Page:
When we were kids, we all obliviously thought our lives were like fairy tales, ending with happily ever after. And who could blame us? That’s what pop culture fed us day in and day out, most especially the magic woven by Disney around our impressionable little minds.
All animated fairy tales made by Disney had happy endings. But if you see the origins of many of these stories, you’ll find that they were actually dark and morbid. It makes you wonder why fairy tales were meant for children, when in fact, they’re actually too disturbing to be read to little ones. Here’s a run-down of what really happened in these original fairy tales that were bastardized by Disney and other kiddie-centered production companies.
The titular character of Rumpelstiltskin has always been depicted as a malevolent little imp, even from the tale’s origins in Germany. He asked for the miller’s daughter’s firstborn in return for helping her spin a roomful of straw into gold so that she could marry the king’s son. After refusing to give up her child, the imp asks her to guess his very long and unique name and when one of her messengers is able to obtain it and she says his name, he flies into a rage. In the original Grimm version, Rumpelstiltskin merely runs away and never comes back. But in the altered 1857 version, he “…drove his right foot so far into the ground that it sank in up to his waist; then in a passion he seized the left foot with both hands and tore himself in two." This notion is obviously too violent for children’s imaginations!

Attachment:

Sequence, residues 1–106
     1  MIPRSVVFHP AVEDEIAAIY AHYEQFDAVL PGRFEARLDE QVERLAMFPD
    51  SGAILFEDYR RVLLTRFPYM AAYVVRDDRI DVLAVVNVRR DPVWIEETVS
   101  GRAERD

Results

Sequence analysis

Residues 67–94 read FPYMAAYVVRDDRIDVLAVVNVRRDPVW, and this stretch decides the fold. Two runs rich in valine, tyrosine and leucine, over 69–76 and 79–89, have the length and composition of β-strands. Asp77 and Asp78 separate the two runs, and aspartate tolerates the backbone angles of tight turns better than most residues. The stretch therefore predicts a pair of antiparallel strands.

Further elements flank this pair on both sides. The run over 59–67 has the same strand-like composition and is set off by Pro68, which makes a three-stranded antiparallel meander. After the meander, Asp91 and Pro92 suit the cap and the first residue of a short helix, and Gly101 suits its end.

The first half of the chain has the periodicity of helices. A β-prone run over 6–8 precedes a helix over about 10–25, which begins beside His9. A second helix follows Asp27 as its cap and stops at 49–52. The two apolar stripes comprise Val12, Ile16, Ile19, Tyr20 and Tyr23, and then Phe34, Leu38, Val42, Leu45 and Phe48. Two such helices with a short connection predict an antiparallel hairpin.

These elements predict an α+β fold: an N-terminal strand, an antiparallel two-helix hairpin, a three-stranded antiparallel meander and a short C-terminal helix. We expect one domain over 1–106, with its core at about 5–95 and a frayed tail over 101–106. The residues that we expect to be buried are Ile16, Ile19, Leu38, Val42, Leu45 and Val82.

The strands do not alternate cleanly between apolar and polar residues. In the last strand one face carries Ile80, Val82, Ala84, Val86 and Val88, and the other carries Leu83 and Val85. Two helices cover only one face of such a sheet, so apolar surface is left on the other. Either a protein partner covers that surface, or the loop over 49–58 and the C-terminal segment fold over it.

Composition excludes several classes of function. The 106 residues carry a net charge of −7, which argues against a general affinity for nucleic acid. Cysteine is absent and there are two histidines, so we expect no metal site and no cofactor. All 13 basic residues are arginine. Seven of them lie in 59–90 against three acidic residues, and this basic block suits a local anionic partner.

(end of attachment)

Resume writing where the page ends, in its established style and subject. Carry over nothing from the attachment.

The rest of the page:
9 The Frog King
“The Frog King” was written by the Grimm Brothers and the title was later known as “The Frog Prince” in the English translation. In the story, a spoiled princess refuses to kiss a frog who claims to be a prince under a spell. The tale we know is that the frog is able to eventually win the princess’s heart and she gives him a kiss, thus turning him back into a prince. But the earlier authors apparently scoffed at true love’s kiss because their versions of the story depicted gruesome means of breaking the spell, from throwing the frog against a wall or having him burnt and decapitated. Obviously, there was no such thing as animal rights back then!
8 Little Red Riding Hood
The tale of the little girl with the red hood has many different versions, the original one being written by French author, Charles Perrault. We all know that on her way to take a basket of food to her grandmother’s, Red encounters the Big Bad Wolf, who stalls her so he could go ahead to her grandma’s cottage and eat her. When Red gets there, she trustingly believes the wolf in disguise is her grandma, but he reveals himself and eats up Red too! A child can develop trust issues with their loved ones because of this!